Hall-Jordan Architecture and Interior Design
My thesis supervisor had the entire underside of his house paved in bricks and from the first day I saw it, while handing in a draft for him to review, I just knew they were a stimulating material to have under-foot. The uneven texture, the way light moved over the surface and the variation in colour just delighted my eyes.
So, over the last thirty years, whether walking the dogs or kicking dirt on a site visit, I have collected stray, abandoned and homeless bricks. Some have come from heritage buildings that suffered the wrath of the wrecking ball; others have a much more common heritage in 1970s Tupperware and orange brick houses.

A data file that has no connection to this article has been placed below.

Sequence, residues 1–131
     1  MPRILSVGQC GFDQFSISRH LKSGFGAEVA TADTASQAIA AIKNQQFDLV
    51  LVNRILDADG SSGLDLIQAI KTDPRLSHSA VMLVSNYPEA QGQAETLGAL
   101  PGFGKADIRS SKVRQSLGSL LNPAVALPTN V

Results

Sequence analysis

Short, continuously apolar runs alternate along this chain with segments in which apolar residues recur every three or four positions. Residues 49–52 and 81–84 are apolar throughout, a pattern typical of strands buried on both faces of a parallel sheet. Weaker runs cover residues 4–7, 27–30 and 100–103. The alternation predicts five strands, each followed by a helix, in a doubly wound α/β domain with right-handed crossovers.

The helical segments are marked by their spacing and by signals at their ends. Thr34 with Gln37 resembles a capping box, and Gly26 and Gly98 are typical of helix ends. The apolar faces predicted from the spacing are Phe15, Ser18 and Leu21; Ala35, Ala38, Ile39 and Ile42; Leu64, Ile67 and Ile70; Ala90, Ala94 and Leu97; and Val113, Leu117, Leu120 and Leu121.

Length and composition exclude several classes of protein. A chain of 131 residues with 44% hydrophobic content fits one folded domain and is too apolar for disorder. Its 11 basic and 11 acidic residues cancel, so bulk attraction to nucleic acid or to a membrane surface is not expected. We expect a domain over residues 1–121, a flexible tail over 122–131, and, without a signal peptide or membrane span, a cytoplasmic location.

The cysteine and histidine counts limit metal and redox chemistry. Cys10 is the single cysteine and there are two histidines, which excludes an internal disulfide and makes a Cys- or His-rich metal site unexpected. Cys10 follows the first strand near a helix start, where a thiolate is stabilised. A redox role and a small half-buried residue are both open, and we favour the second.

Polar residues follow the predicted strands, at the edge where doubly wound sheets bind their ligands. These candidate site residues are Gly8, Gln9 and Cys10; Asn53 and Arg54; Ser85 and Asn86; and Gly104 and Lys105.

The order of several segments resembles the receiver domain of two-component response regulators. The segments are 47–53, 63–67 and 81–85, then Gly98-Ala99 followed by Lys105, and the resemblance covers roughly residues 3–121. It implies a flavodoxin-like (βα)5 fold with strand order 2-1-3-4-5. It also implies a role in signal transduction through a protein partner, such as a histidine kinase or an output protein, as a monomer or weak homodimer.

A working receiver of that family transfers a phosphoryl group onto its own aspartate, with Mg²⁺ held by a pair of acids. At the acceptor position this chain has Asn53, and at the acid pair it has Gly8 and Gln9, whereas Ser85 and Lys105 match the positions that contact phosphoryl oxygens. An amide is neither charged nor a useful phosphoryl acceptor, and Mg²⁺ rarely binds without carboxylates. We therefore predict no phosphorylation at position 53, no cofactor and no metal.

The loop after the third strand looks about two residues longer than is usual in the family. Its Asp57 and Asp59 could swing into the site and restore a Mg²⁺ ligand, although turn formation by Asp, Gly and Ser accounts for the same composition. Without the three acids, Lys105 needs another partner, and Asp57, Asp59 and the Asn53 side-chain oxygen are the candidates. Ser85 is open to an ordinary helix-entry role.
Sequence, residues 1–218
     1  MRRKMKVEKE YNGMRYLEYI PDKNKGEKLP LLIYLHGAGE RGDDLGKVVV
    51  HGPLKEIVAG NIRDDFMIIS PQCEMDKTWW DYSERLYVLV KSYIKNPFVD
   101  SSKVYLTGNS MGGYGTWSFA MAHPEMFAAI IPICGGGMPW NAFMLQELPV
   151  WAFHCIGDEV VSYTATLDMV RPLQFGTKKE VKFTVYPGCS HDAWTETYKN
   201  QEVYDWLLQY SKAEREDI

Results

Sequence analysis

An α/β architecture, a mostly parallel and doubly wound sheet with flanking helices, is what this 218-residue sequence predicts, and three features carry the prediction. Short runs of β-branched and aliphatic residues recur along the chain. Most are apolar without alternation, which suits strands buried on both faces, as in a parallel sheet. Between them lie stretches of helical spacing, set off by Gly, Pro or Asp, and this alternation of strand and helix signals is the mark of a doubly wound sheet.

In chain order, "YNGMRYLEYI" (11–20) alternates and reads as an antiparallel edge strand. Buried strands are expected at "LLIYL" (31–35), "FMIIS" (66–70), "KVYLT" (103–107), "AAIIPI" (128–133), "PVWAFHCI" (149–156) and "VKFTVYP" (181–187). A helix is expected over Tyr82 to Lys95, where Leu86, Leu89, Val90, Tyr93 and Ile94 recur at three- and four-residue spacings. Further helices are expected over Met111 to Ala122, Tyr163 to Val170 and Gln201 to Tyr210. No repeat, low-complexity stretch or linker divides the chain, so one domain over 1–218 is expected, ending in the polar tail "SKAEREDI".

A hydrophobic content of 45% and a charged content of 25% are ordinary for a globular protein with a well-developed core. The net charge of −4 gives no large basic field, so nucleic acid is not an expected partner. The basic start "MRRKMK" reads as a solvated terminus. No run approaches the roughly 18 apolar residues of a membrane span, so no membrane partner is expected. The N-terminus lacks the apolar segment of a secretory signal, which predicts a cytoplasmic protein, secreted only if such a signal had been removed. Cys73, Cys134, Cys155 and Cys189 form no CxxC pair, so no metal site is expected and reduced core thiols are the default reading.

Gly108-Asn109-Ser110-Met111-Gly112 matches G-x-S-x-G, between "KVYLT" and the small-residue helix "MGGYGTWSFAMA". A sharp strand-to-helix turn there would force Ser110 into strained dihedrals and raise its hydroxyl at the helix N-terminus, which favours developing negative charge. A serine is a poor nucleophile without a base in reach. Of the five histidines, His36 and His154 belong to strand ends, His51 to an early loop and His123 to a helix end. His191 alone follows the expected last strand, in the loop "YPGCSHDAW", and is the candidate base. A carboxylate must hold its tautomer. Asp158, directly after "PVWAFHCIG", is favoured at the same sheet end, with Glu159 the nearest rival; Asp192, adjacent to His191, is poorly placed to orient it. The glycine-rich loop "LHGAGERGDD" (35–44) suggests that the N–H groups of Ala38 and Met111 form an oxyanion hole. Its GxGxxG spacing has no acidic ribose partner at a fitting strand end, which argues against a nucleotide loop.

I realise the intent of these worthy awards is to spot-light exemplary landscape design using clay and brick pavers and this entry only serves to candle-light my little pieces of crazy paving. However to my eye any area of mixed masonry paving that plays with the landscape is a story that contributes to the future archaeology of this suburban back yard.
They are no longer stray and abandoned; they have a home in my yard. No grand design, rather my provincial paving. Extravagance, eccentricity, asininity, amuseme